Fort Greene

A first look at the Atlantic Yards/Pacific Park school building

December 10, 2015 By Lore Croghan Brooklyn Daily Eagle
This is Jonathan Marvel's vision for 664 Pacific St., an apartment building with a 100,000-square-foot public school in it. Rendering by Marvel Architects
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Prospect Heights residents got their first look at the building where Atlantic Yards/Pacific Park’s public school will be located.

Architect Jonathan Marvel presented his design for 664 Pacific St. at a Community Update Meeting held Wednesday night at the Shirley Chisholm State Office Building at 55 Hanson Place.

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Marvel Architects’ rendering of the planned 26-story, market-rate rental apartment building with a 100,000-square-foot school in it was released to the media on Wednesday as well.

Five floors of the school will be above ground and two will be in the basement. The school entrance will be on Sixth Avenue, and the residential entrance on Pacific Street.

The building will be set back 23 feet to create a wider-than-required sidewalk for kids to line up outside the school, Marvel said.

Meeting attendees had lots of questions about the school — such as where the buses would pick up and drop off students and why it was okay to have the school entrance on chaotic Sixth Avenue. But answering them was outside Marvel’s purview.

Gib Veconi of the Prospect Heights Neighborhood Development Council requested that the city School Construction Authority be invited to a Community Board meeting to answer questions about the school.

The building on B15, as this site is called, is the sixth residential tower to get underway at the 22-acre development where Barclays Center arena opened in 2012. Forest City Ratner is the developer in a joint venture with Chinese government-owned Greenland Group, which has a 70 percent stake in 15 Atlantic Yards/Pacific Park towers.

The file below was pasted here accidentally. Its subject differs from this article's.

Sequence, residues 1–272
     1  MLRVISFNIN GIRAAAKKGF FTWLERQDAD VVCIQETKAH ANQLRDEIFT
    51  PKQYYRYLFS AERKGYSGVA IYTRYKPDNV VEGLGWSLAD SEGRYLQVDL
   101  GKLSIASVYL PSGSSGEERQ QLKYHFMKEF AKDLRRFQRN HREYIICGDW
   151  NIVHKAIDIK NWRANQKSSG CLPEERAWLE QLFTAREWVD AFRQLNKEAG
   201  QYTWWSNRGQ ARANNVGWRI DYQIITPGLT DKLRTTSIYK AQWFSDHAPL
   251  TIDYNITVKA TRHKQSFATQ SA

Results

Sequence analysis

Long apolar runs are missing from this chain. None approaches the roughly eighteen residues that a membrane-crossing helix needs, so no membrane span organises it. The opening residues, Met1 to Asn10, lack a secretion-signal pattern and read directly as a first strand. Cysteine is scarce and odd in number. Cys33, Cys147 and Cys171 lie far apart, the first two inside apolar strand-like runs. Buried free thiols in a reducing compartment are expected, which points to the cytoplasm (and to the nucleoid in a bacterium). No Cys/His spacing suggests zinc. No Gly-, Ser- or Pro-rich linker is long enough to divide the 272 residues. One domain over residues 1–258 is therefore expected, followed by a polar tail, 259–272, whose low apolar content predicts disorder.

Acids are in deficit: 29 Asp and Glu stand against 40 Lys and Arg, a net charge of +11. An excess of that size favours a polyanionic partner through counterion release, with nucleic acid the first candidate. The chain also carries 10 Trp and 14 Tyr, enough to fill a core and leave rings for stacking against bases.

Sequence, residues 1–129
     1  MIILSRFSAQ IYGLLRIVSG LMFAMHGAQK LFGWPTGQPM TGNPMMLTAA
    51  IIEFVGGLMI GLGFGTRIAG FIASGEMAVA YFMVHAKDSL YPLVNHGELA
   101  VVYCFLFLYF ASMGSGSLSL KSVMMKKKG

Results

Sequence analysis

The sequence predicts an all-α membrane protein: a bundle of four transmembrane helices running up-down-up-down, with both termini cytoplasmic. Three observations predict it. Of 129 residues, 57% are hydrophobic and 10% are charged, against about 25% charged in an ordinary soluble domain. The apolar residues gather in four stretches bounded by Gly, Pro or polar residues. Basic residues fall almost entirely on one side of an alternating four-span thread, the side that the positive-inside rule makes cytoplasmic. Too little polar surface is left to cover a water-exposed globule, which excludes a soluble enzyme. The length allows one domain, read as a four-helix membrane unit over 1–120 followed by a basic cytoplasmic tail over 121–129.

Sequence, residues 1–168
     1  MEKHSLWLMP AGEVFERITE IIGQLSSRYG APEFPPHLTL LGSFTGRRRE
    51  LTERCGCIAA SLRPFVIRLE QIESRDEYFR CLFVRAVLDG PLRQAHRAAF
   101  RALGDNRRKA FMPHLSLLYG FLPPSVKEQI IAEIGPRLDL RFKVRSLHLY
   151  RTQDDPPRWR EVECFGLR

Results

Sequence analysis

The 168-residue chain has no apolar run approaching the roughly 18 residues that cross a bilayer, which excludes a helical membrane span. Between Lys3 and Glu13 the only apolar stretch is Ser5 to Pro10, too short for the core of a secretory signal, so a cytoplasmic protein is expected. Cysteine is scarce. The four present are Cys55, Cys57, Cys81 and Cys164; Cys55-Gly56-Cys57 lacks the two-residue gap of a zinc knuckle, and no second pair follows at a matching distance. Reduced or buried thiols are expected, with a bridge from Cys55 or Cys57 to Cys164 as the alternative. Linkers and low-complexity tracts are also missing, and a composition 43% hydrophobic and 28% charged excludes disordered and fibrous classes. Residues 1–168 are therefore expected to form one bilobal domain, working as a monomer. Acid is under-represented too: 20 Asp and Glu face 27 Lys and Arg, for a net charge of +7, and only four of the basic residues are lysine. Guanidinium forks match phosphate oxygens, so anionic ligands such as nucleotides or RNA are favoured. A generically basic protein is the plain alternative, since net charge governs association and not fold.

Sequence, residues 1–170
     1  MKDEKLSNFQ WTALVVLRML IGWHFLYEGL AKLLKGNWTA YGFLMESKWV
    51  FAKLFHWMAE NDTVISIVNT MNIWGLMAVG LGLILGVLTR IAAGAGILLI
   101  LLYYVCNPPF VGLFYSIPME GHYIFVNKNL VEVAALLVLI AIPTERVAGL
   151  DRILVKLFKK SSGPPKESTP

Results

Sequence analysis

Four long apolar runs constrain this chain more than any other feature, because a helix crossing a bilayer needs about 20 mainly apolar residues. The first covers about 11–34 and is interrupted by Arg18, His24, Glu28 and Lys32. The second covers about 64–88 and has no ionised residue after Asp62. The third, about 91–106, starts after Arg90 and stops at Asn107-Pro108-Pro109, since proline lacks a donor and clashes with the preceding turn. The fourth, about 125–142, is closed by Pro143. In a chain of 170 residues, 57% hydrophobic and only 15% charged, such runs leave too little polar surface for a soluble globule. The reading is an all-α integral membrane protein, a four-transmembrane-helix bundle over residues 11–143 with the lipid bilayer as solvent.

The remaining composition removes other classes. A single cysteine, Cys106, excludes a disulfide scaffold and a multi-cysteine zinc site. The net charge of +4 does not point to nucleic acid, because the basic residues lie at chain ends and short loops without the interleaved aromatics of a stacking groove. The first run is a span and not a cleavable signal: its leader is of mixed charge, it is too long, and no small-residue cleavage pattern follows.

The school and residential space are essentially two buildings, Marvel told reporters before the meeting began.

“One of the greatest challenges of all time is to put one building on top of another,” he said.

Though shorter than towers planned for Atlantic Avenue, 664 Pacific will be much taller than existing buildings nearby. To make 664 Pacific appear less massive, Marvel split up its façade into nine panels, he said at the meeting.

“The building has nine faces,” he explained.

It will be made of nine different shades of gray glazed brick, with paler tones at the top of the building to bounce sunlight back into the neighborhood.

There will be 323 apartments in the 272-foot structure, a city Buildings Department partial permit issued on Dec. 2 indicates.

A resident asked why Marvel didn’t use traditional brick that’s found in the neighborhood. He replied that old-fashioned brick is great for low-rise buildings but “starts to weep water” into a building that’s tall.

Marvel knows a thing or two about this particular construction material. His family owned a brickyard in upstate Newburgh that made bricks used in the construction of the Empire State Building and the McCarren Park pool.

Another meeting attendee lamented that new Atlantic Yards/Pacific Park towers are going to block current residents’ views of the sky.

Marvel said people will be able to see the reflection of the sky in windows which will cover 40 to 45 percent of the building’s surface.

In September, the City Council okayed B15 as the location of Atlantic Yards/Pacific Park’s planned 616-seat public school — despite residents’ concerns about the property’s proximity to the arena, a police station and a fire station.  

A coalition of community groups including Community Education Council 13 launched a campaign last summer to convince the de Blasio administration to make the new school be a middle school called M.S. OneBrooklyn, with a focus on arts and culture, a comprehensive science, technology, engineering and math (STEM) curriculum and dual-language studies.

According to Norman Oder’s blog Atlantic Yards/Pacific Park Report, the city Department of Education’s tentative plan is for the B15 school to serve both elementary and middle-school students.


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